Is Parkinson's Disease to Blame for Excessive Drooling?

If you have Parkinson's disease and drool, you are not alone

If you have Parkinson's disease and you drool, you are not alone. Surveys show that drooling can affect up to 78 percent of people with Parkinson's.

It's not entirely clear why Parkinson's disease can cause you to drool, but the condition can affect your ability to swallow, making drool more likely. Researchers studying this issue, have found that people with Parkinson's don't produce any more saliva than other people. In fact, Parkinson's may cause you to produce less saliva. Chances are you just don't swallow your saliva as much, most likely because you have difficulty swallowing.

In addition to causing embarrassment, drooling can cause sores at the corners of your mouth and may give you bad breath. You can also accidentally breathe in a large amount of excess saliva, which may lead to pneumonia.

Older woman drooling and Parkinson's
kzenon / Getty Images

Treating Excessive Drooling

There are several drug treatments that can address the problem of excess saliva and drool.

Your healthcare provider may prescribe you potent drugs known as anticholinergics, such as Artane (trihexyphenidyl hydrochloride) and Cogentin (benztropine mesylate) in an attempt to dry up any excess saliva you may have. Unfortunately, this class of drugs often causes side effects, including constipation, urinary retention, memory impairment, confusion, and even hallucinations, particularly in elderly individuals. While they can help control drooling, they aren't always effective.

Another way you can prevent drool, as strange as it sounds, is to use prescription eye drops under your tongue. You'll want to use what the eye doctors use to dilate your pupils before an eye exam: 1 percent atropine ophthalmic solution, which you'll need a prescription to obtain. Once you have the drops, you would place several drops under your tongue twice daily, allowing the active drug—atropine—to slow your saliva production.

Botox for Excessive Drooling

Injections of Botox—botulinum toxin A—directly into your salivary glands have also been used to try to stop excessive saliva in Parkinson's disease. Although botox works for many people, the treatment carries a risk of side effects including too-dry of a mouth. Botox injections in this area can also make it difficult to swallow food.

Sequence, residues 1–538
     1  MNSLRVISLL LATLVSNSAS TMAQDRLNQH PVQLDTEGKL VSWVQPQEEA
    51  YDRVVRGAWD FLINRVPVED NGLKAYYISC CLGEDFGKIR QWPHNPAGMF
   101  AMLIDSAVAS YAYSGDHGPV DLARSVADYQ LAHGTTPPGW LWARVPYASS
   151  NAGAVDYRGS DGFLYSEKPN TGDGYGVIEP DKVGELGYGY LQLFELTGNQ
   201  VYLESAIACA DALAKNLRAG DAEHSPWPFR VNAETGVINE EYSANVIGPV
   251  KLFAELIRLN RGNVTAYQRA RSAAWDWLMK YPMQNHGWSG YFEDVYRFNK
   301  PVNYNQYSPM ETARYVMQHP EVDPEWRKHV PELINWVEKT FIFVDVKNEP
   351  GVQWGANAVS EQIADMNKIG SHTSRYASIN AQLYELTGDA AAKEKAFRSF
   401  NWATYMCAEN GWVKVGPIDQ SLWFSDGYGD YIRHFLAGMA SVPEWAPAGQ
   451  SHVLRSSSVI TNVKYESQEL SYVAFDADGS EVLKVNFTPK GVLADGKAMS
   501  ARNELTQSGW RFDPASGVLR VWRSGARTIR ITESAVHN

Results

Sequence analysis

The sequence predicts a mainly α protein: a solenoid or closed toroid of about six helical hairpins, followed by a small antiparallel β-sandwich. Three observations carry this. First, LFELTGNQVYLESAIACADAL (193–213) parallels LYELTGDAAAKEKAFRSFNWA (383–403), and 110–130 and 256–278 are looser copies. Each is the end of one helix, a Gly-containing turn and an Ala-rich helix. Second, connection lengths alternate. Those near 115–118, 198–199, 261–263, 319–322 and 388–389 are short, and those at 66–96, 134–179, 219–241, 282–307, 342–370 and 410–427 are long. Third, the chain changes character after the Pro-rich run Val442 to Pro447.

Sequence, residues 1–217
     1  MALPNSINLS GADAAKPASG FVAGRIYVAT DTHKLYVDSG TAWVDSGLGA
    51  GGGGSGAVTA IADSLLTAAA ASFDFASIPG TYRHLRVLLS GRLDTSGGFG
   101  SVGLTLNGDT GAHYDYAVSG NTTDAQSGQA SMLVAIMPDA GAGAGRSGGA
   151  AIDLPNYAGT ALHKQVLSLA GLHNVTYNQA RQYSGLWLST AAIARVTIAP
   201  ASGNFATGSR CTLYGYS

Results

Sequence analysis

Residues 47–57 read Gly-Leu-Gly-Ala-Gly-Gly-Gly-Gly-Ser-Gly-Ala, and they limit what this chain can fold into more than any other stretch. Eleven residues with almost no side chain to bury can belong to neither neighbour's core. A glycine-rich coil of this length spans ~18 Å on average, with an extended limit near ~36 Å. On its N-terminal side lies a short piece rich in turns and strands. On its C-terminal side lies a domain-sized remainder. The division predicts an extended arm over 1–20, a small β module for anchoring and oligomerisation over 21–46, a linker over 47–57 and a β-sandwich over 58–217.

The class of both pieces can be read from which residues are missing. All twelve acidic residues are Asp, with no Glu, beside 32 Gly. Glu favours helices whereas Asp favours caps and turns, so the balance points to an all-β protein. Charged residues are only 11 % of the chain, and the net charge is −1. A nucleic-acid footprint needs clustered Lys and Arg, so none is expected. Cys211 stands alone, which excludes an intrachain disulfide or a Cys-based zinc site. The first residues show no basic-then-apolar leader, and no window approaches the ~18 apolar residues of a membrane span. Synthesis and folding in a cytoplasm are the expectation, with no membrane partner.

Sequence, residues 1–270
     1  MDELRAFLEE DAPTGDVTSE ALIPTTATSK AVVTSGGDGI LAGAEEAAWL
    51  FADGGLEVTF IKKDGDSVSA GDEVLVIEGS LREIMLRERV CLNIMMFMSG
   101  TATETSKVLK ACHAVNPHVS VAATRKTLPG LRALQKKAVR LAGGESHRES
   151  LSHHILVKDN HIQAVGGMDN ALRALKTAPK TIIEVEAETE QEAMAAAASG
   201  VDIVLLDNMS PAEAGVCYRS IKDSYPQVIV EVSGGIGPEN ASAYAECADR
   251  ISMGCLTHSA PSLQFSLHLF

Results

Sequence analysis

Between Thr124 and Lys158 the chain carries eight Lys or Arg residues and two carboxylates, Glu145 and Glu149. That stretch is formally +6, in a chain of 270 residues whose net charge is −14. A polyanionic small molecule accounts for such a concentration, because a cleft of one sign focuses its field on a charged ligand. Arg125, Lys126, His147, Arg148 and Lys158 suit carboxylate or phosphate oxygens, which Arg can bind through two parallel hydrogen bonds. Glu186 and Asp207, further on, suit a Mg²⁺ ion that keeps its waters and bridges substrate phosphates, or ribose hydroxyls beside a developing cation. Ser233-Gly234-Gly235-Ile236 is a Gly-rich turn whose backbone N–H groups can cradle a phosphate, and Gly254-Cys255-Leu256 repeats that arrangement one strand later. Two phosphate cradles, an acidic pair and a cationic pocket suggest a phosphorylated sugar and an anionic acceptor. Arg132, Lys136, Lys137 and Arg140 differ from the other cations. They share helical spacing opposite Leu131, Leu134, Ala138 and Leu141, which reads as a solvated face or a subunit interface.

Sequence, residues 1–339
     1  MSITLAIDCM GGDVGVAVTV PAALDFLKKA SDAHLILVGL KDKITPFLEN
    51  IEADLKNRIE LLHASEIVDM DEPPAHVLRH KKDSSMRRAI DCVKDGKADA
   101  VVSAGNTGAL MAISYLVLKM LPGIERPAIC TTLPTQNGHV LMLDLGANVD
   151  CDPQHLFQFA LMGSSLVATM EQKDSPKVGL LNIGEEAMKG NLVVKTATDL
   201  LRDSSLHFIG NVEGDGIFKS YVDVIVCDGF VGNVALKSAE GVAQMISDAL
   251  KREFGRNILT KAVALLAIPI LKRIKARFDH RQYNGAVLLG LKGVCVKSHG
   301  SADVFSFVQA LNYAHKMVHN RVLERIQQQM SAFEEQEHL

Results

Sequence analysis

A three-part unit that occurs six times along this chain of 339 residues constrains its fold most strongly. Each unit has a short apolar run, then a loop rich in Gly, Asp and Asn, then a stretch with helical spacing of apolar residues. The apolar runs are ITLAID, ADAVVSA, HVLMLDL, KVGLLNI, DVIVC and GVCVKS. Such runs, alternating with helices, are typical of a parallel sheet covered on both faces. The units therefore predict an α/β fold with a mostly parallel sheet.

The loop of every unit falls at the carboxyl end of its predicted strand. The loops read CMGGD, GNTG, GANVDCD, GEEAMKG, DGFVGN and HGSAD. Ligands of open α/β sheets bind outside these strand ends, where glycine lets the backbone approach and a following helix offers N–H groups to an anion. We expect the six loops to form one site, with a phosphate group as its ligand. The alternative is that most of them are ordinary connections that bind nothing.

The effects of the Botox only last for about three to four months, after which the procedure would need to be repeated. If you're interested in trying this, make sure to look for a medical professional experienced in this specific procedure, as serious side effects – weakening your neck muscles so that you have problems swallowing – are possible. Neurologists, pain management healthcare providers, and physiatrists are healthcare providers with experience using botox for neurological causes. Most dermatologists use botox in their practices as well, but it is often more for cosmetic reasons.

Botox injections can also be pricey. Many insurance companies cover botox or part of the cost, but they do not cover all uses of Botox. Off-label uses are generally not covered. When Botox is covered for Parkinson's it is typically for dystonia, involuntary muscle contractions. You'll want to check with your insurance company to see if they cover botox for excessive drooling related to Parkinson's. 

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  • Merello M. Sialorrhoea and drooling in patients with Parkinson's disease: epidemiology and management. Drugs & Aging. 25(12):1007-1019, 2008.
  • Rezak M. The Use of Botulinum Toxin (Botox) in Parkinson's Disease. American Parkinson Disease Association. 
  • Srivanitchapoom P et al. Drooling in Parkinson's disease: a review. Parkinsonism and Related Disorders. 2014 Nov;20(11):1109-18. 

By Patrick McNamara, PhD
Patrick McNamara, PhD, is an associate professor of neurology and the director of the Evolutionary Neurobehavior Laboratory.